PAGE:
With the continuing changes in healthcare reform, there is renewed interest in the early effects of the Affordable Care Act. Dataset 4 contains information on changes in the uninsured rate from 2010 to 2015 in each state. What specific question can you ask using this data? Make two slides demonstrating your questions.
In this class, you'll learn how to evaluate whether two means differ significantly and meaningfully from each other. Scott will offer a scenario to demonstrate how a healthcare organization makes these assessments in the real world.
The VA is concerned about the experience of customers at VA facilities. In 2017, HCAHPS surveys were completed in a large sample of VA facilities nationwide. Senior management is convinced that the problem is the variable "Communication With Nurses". Refer to Dataset 2 to better understand the role of this variable. Next, test whether there is a relationship between "Communication With Nurses" and "Patient Recommendation of Hospital".
Healthcare data does not always offer the luxury of comparing only two means. In this class, you will learn how to evaluate whether three or more means differ significantly and meaningfully from each other.
For Dataset 2, which contains HCAHPS summary data for October 2018, how would you test if there is a difference in mean values for “Nurse Communication” across the high/medium/low categories of “Recommend Hospital”?
Today, you will advance to comparing two or more variables. This workshop teaches how to evaluate whether there is a significant and meaningful relationship between multiple variables overall.
You have been tasked to better understand the health insurance market for individual health insurance plans. Use Dataset 4 to better understand the variable “Individual Market - Individuals With Marketplace Coverage (Q1 2016)". To better understand this variable, develop scatter plots and regressions model to interpret and predict various values, according to criteria provided by Scott.
A sample design is the framework, or road map, that serves as the basis for the selection of a survey sample. You'll learn how to determine the best type of sample design for different situations, and about the role of research design in health-related research.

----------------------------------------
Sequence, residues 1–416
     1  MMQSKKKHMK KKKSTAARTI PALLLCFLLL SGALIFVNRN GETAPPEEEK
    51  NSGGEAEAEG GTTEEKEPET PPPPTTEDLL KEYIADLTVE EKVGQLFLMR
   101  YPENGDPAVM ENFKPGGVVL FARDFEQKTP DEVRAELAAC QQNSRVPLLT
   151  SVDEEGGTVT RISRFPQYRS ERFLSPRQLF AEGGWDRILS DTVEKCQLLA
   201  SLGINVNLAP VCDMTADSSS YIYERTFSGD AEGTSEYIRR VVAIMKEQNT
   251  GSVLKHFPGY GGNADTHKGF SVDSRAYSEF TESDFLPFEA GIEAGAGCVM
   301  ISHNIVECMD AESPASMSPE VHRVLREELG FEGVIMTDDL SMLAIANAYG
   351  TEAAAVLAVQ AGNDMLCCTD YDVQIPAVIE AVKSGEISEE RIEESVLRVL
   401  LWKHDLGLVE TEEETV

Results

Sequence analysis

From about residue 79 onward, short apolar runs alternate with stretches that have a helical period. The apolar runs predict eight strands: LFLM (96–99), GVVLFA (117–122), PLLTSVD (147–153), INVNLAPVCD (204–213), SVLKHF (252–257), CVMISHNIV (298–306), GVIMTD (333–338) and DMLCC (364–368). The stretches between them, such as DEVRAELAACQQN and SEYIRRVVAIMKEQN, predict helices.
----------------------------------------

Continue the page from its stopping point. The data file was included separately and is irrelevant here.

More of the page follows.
You are working with the executive team at the Veterans Administration (VA). Your team would like to focus the attention of the executive team on specific issues that are flagged in the Consumer Assessment of Healthcare Providers and Systems in VA facilities.
Rather than show data from all facilities, you consider using stratified random sampling to select 40 VA facilities from Dataset 2. Use quartiles of the variable “Recommend Hospital” to create four strata and then identify 10 facilities from each stratum. For your sample, provide the average value for the variable “Recommend Hospital”.
Patient engagement in health research is becoming increasingly common. Today, you'll turn from quantitative data to learn how to analyze words instead of numbers.
You have just been handed patient reviews of a dentist (Dataset 5). Use the MeaningCloud Add-in in Excel to identify sentiments expressed by patients and caregivers.
How can the value of quality healthcare be understood in numbers? This class teaches you how to measure quality in healthcare, and why these measures are important for public and private stakeholders.
Use Dataset 1 to find the top 5 states in overall quality of life. Next, find the bottom 5 states in overall quality of life. What results allowed you to come to these conclusions?
Data is only as useful as it is understandable. In this class, you will learn how to present data to effectively tell the story of your findings.